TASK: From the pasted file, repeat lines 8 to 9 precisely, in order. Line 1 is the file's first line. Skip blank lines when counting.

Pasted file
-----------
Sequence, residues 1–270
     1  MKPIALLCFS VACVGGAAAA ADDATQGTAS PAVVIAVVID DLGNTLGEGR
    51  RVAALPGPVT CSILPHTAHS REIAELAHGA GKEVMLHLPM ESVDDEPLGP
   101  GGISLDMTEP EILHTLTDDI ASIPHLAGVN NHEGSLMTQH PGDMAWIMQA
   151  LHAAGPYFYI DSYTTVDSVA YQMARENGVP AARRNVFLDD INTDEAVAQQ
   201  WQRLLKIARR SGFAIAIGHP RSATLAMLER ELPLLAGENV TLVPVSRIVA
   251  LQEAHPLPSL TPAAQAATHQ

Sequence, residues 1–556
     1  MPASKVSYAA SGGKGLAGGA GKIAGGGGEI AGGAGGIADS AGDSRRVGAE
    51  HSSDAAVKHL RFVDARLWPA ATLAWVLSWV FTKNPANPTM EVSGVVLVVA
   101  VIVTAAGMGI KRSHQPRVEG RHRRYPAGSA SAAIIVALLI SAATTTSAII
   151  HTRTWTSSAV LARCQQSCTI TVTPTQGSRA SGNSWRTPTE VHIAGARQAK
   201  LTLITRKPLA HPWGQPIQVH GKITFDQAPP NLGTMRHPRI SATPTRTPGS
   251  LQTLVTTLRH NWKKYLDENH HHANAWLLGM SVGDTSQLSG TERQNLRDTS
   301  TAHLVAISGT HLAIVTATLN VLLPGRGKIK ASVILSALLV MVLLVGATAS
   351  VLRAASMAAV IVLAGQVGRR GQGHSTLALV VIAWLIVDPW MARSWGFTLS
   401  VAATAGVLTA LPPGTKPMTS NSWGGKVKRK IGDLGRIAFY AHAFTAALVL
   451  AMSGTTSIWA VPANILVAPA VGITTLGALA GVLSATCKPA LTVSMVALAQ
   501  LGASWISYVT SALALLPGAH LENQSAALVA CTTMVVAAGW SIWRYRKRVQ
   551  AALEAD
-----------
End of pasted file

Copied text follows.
Sequence, residues 1–556
     1  MPASKVSYAA SGGKGLAGGA GKIAGGGGEI AGGAGGIADS AGDSRRVGAE